Li P F B Ki G U U G N P T
b1,b2 b1,b2 b1,b2 b1,b2
b2 b2 b2
verb2 ancreas (bcells)b2 at cellsb1 ronchib2 dneyb1 allbladder and ductsb2 rinary bladder detrusorb2 terusb2 astrointestinalb2 erve terminalsb2 arathyroid glandsb1,b2 hyroid glandb2 SA: Sino-Atrial; AV: Auriculo-Ventricular.
versible antagonism of the effects ofb-adrenergic stim-uli on various organs (Table 1). Their pharmacological effects can be explained from the knowledge of the re-sponses elicited by these receptors in the various tissues and the activity of the sympathetic tone.1;2Thus, b-blockers have relatively little effect on heart rate and contractility in an individual at rest but slow heart rate and decrease cardiac contractility when the sympathetic nervous system is activated, i.e., during exercise or stress.
Classiﬁcation ofb-blockers b-Blockers can be broadly classiﬁed into (a) non-selective, those producing a competitive blockade of bothb1- and b2-adrenergic receptors and (b) those with much higher afﬁnity for theb1than for theb2receptors usually called b1-selective (Table 2).1–4Selectivity is, however, dose-dependent and decreases or disappears when larger doses are used. Paradoxically, someb-blockers can exert a weak agonist response (intrinsic sympathomimetic activity (ISA), and can stimulate and block theb-adr.rconeotpe Severalb-blockers have peripheral vasodilator activity mediated viaa1-adrenoceptor blockade (carvedilol, la-betalol),b2-adrenergic receptor agonism (celiprolol) or via mechanisms independent of the adrenoceptor block-ade (bucindolol, nebivolol). In addition,b-blockers can be classiﬁed as lipophilic or hydrophilic.
There are important pharmacokinetic differences among b-blockers1–4(Table 1).
Increase in heart rate Increase in conduction velocity Increase in contractility Increase in contractility, conduction velocity and automaticity of idioventricular pacemakers
Vasodilation Vasodilation Vasodilation, increased contractility Glycogenolysis, Kþuptake Glycogenolysis and gluconeogenesis Insulin and glucagon secretion Lipolysis Bronchodilation Renin release Relaxation Relaxation Relaxation Relaxation Promotes noradrenaline release Parathormone secretion T4!T3 conversion
Table 2Pharmacological classiﬁcation of commonly usedb-adrenergic antagonists (b-blockers) b-blocker ISA Lipid solubility Peripheral vasodilation i.v.
ESC Expert consensus document
Average daily oral dose
I. Non-selective (b1þb2) adrenergic antagonists Carteolol + Low 2.5–20 mg once/twice daily Nadolol 0 Low 40–320 mg once daily Penbutolol + Moderate 20–80 mg once/twice daily Pindolol ++ High 10–40 mg twice daily Propranolol 0 High + 40–180 mg twice daily Sotalol 0 Low + Timolol 0 High 5–40 mg twice daily II. Selectiveb1-adrenergic antagonists Acebutolol + Moderate 200–800 mg once/twice daily Atenolol 0 Low + 25–100 mg once daily Betaxolol 0 Moderate 5–20 mg once daily Bisoprolol 0 Moderate 2.5–10 mg once daily Celiprolol + Moderate + 200–600 mg once daily Esmolol 0 Low + Only i.v. Metoprolol 0 High + 50–100 mg once/twice daily Nevibolol 0 + 2.5–5 mg once daily III.a1- andb-adrenergic antagonists Bucindolol + Moderate + 25–100 mg twice daily Carvedilol0 Moderate 3.125–50 + mg twice daily Labetalol + Low + 200–800 mg twice daily ISA: Intrinsic Sympathomimetic Activity; i.v.: Intravenous administration possible; AMI: Acute Myocardial Infarction; CHF: Chronic Heart Failu re. Included onlybdemonstrated efﬁcacy on clinical outcomes and supporting the guidelines recommendations.-blockers with *some studies there was lack of evidence for peripheralIn a1-adrenoceptor blockade during long-term treatment of heart failure with carvedilol.229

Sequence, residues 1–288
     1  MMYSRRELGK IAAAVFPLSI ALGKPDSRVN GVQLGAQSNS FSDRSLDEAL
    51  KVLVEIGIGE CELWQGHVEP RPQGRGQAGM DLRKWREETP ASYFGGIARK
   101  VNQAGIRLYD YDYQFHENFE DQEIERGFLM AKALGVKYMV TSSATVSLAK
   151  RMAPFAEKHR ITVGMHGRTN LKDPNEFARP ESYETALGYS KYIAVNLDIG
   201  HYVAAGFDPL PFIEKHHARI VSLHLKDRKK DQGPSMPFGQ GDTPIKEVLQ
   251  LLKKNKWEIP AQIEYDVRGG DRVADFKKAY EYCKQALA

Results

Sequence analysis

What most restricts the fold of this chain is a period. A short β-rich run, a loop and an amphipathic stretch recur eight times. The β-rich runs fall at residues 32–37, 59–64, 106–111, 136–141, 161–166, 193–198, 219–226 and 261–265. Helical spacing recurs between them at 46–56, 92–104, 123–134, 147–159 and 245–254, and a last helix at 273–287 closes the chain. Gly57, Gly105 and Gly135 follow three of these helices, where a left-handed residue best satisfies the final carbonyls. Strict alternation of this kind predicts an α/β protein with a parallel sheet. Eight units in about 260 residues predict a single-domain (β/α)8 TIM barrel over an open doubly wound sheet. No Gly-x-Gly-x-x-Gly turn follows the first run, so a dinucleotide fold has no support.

Lipophilic drugs Lipophilic drugs (metoprolol, propranolol, timolol) are rapidly and completely absorbed from the gastrointesti-nal tract but are extensively metabolised in the gut wall and in the liver (ﬁrst pass effect), so that their oral bioavailability is low (10–30%). These drugs may accu-mulate in patients with reduced hepatic blood ﬂow (i.e., elderly, congestive heart failure, liver cirrhosis). Lipo-philic drugs present short elimination half-lives (1-5 h) and they easily enter the central nervous system (CNS), which may account for a greater incidence of central side-effects.
Hydrophilic drugs Hydrophilic drugs (atenolol, esmolol) are absorbed in-completely from the gastrointestinal tract and are ex-creted unchanged or as active metabolites by the kidney. They have longer half-lives (6–24 h), and do not interact with other liver-metabolised drugs. They barely cross the blood–brain barrier. Elimination half-life is increased when glomerular ﬁltration rate is reduced (i.e., elderly, renal insufﬁciency).
Balanced clearance drugs Bisoprololhas a low ﬁrst-pass metabolism, enters the CNS and is excreted in equal proportion by hepatic and renal routes.Carvedilolhas a low oral bioavailability due to an extensive ﬁrst pass effect. It binds to plasma pro-teins and is eliminated by hepatic metabolism.4Esmolol is an ultra short-acting drug. It is administered i.v. and rapidly hydrolysed by red cell esterases (half-life 9 min).5
Mechanism of action